I believe that 90 percent of the drug problems are prohibition-related, not use-related. That is not to discount the problems with use and abuse, but that should be the focus. The issue today with treatment is that the government is giving you and me an option when we’re arrested: You can either go to treatment or you can go to jail. Well, in a situation like that, I would hope to offer that alternative in about a hundred out of a hundred cases, but does that work? Does a forced treatment model work? No way. It doesn’t work. People are going to smoke pot. Do we really want to send these people to jail, or do we really want to put them in treatment for an issue that they don’t need treatment for? No. No. Treatment right now, as a forced model of treatment, really doesn’t work. It prevents people from going to jail but it doesn’t … the notion of preventing people from doing drugs? Come on. But now I’m back to the fact that some people really do want treatment. It’s got to start with that. It can’t be forced, but for people that want to address the issues with a fraction of the amount of money that we spend on the war on drugs—that would be money effectively spent.

What is your policy on Obamacare? If you would reform health care how would you do so, especially considering unregulated health care is what got us in the mess we’re in?

I would argue that the mess that we’re in has to do with regulated health care, that health care is about as far removed from free market as it possibly can be, and that government has restricted the availability of choices when it comes to health care, and it’s restricted the supply of health care available to us. Those would be government policies that could turn this around. I have heard, and I know that this is a disputed figure, that we’re going to have 15,000 new IRS agents to enforce President Obama’s health care plan. Where was the legislation to create 15,000 more doctors and expanding the medical schools? To me, that’s more effective use of government policy.

OK. So how about Obamacare as it was passed? What would you do?

First off, I think that it’s completely unaffordable—and I don’t want to cast Democrats as the party of big spending because Republicans just a few years earlier passed prescription health care benefit, which at that time was the largest entitlement ever passed in the country—but it’s unaffordable. I believe that if we don’t balance the federal budget that we’re going to experience a monetary collapse. I think everybody recognizes that, but somehow we think that Santa Claus is coming this Christmas, or the Easter bunny after that, and you know what? We have to fix this ourselves, and that means mutual sacrifice on the part of all of us, and the key word here is “mutual” sacrifice. And you’ve got both parties talking about who’s going to spend more on Medicare? Look, we have to spend less on Medicare. We have to slash Medicare’s spending. If we don’t, we’re going to find ourselves with no health care at all for those over 65.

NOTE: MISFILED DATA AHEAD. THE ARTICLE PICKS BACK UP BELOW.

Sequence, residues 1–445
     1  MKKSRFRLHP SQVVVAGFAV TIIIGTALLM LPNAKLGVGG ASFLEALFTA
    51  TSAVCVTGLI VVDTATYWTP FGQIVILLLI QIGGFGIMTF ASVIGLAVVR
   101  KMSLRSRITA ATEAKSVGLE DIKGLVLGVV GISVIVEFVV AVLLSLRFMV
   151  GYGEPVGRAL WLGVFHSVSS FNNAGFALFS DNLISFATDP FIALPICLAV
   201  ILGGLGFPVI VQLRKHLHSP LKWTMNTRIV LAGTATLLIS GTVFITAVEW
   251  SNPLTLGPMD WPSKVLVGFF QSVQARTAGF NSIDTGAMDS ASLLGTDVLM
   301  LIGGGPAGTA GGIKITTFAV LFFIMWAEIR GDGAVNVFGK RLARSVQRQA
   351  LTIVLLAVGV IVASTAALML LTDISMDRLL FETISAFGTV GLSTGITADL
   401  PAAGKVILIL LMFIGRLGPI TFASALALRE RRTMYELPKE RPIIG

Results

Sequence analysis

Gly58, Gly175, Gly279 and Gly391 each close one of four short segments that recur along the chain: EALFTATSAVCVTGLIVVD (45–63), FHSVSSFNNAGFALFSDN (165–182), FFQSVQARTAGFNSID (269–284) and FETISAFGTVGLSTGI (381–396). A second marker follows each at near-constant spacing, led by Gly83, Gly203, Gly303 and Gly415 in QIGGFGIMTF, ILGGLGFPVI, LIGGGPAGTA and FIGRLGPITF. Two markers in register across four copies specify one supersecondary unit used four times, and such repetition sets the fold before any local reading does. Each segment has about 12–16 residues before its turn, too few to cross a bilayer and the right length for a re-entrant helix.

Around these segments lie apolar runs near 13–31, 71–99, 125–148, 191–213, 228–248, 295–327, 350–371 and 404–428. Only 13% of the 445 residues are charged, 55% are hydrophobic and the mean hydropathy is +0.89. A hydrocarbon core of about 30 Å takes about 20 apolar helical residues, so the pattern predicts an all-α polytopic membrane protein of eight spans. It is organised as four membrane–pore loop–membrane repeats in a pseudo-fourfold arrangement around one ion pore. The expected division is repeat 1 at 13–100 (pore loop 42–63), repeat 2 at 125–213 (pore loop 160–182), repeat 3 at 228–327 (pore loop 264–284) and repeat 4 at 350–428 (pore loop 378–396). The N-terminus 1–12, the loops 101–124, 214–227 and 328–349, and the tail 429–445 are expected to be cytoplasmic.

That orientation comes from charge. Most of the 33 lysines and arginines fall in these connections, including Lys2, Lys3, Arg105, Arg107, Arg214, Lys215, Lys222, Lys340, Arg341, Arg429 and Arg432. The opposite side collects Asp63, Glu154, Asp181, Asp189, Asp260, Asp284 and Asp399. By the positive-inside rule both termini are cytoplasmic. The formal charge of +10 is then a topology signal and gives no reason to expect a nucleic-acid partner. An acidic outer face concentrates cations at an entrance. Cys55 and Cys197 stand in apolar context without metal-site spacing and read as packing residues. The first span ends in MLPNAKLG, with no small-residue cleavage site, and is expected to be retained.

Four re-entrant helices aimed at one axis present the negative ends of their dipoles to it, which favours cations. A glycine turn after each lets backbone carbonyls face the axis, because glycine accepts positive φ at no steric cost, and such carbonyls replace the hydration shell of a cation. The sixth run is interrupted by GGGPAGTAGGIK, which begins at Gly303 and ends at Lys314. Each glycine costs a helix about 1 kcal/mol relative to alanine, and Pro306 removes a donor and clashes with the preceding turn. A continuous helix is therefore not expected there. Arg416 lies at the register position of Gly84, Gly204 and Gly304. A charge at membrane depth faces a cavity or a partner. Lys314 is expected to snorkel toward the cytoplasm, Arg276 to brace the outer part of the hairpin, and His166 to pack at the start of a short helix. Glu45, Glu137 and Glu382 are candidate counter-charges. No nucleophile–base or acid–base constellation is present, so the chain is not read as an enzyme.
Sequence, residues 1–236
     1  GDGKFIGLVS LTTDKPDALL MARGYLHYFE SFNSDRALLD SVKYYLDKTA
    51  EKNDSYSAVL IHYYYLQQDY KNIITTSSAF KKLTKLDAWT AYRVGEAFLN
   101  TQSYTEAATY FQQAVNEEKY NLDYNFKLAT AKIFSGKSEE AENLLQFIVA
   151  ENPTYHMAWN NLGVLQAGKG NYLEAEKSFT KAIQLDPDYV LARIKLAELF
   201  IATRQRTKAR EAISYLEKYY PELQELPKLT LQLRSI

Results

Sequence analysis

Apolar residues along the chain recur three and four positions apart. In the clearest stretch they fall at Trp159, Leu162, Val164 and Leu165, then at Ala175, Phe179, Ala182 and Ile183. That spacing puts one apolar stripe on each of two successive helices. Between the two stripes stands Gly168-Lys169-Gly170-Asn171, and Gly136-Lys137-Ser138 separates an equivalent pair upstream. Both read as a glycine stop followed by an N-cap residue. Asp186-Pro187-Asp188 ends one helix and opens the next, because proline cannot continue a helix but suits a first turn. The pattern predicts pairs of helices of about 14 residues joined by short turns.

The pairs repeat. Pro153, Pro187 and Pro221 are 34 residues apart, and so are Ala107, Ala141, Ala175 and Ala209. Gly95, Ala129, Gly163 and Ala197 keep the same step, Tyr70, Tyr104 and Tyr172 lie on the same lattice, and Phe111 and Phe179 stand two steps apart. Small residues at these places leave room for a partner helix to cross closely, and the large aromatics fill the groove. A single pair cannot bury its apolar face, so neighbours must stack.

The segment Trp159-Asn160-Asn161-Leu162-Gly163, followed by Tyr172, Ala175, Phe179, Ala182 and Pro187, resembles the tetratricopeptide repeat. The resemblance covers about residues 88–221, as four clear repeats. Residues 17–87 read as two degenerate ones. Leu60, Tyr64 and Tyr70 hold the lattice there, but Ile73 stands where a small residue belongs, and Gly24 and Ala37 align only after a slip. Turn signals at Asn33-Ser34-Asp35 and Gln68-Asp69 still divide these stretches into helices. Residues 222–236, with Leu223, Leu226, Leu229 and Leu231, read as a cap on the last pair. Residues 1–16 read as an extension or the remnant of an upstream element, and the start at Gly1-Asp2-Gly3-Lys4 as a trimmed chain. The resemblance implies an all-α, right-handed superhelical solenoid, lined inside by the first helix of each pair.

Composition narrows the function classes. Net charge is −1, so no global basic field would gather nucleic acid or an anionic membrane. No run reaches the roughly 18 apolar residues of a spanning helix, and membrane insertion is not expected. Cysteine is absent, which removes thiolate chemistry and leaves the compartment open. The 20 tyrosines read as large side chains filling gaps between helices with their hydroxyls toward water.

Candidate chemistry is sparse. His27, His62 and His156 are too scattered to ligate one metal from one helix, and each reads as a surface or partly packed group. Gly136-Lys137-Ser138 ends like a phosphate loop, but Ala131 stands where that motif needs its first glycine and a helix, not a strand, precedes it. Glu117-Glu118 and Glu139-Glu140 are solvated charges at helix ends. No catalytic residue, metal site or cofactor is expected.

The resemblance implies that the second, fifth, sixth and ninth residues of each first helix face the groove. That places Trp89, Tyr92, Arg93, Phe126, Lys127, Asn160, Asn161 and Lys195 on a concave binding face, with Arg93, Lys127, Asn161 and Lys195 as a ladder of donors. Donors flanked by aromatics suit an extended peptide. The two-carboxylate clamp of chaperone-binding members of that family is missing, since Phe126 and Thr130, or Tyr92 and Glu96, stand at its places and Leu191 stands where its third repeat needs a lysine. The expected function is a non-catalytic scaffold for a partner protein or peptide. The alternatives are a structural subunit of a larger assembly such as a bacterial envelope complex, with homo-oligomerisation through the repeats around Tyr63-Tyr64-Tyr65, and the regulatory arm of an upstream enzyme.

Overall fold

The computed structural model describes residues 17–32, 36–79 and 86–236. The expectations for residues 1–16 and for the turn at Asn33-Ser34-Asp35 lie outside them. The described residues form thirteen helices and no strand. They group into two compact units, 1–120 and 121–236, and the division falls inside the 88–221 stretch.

You spoke to the idea of entitlements for medical reasons, but do you have an idea regarding ending entitlements for volunteer military when they end their time of employment?

That is the only area of government that I can think of where I would not advocate a reduction. These are commitments that have been made to servicemen and women that have served. Those commitments need to remain in place. But that doesn’t apply to military spending in general, which has to be, in my opinion, reduced by 43 percent, which takes us back to 2003 spending levels. I would just start with the premise that we need, and government has the responsibility to provide for a strong national defense. I would take umbrage over the word “defense.” We are anything but defense. We are offense, and we are nation building, and that needs to all come to an end.

What is your policy regarding taxation?

I think we should abolish the IRS, eliminate income tax and corporate tax, tax withholdings from your payroll check. I am specifically supporting the Fair Tax, which is one federal consumption tax. I think it really reboots the American economy. It ends up being cost-neutral. It’s really the answer when it comes to American export.

What is your policy regarding abortion?

I support a woman’s right to choose.

In all cases?

Yes. As governor of New Mexico I did sign a bill banning late-term abortion. It was a bill that didn’t attach criminal penalties to any of it. I happen to concur personally with the law of the land. The law of the land is Casey vs. Planned Parenthood, which I don’t think people really understand. The law of the land in this country is that woman has the right to choose up until viability of the fetus. The Supreme Court has defined “viability of the fetus” as being able to sustain the life of the fetus outside of the womb even if by artificial means.

What can American citizens do to end or fix the dysfunctional two-party system?

I think voting for me would be a big shot across the bow that business as usual cannot continue. We need leadership. We don’t need Tweedle Dee and Tweedle Dum.

Why are so many uneducated and stupid people elected to public office through the two-party system?

[Laughs.] Well, it is what it is. And … I don’t know. If you can come up with the answer to that one, I want to hear it.